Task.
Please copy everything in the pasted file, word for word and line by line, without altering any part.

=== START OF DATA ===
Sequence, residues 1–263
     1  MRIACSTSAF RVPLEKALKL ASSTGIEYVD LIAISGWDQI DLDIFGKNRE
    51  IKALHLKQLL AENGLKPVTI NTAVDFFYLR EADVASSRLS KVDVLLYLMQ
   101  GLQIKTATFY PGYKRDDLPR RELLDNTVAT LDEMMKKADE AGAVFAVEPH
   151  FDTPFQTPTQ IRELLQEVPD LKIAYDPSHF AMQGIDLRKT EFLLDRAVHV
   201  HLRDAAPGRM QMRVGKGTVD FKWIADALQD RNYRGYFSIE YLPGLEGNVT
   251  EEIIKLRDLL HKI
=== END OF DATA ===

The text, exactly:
Sequence, residues 1–263
     1  MRIACSTSAF RVPLEKALKL ASSTGIEYVD LIAISGWDQI DLDIFGKNRE
    51  IKALHLKQLL AENGLKPVTI NTAVDFFYLR EADVASSRLS KVDVLLYLMQ
   101  GLQIKTATFY PGYKRDDLPR RELLDNTVAT LDEMMKKADE AGAVFAVEPH
   151  FDTPFQTPTQ IRELLQEVPD LKIAYDPSHF AMQGIDLRKT EFLLDRAVHV
   201  HLRDAAPGRM QMRVGKGTVD FKWIADALQD RNYRGYFSIE YLPGLEGNVT
   251  EEIIKLRDLL HKI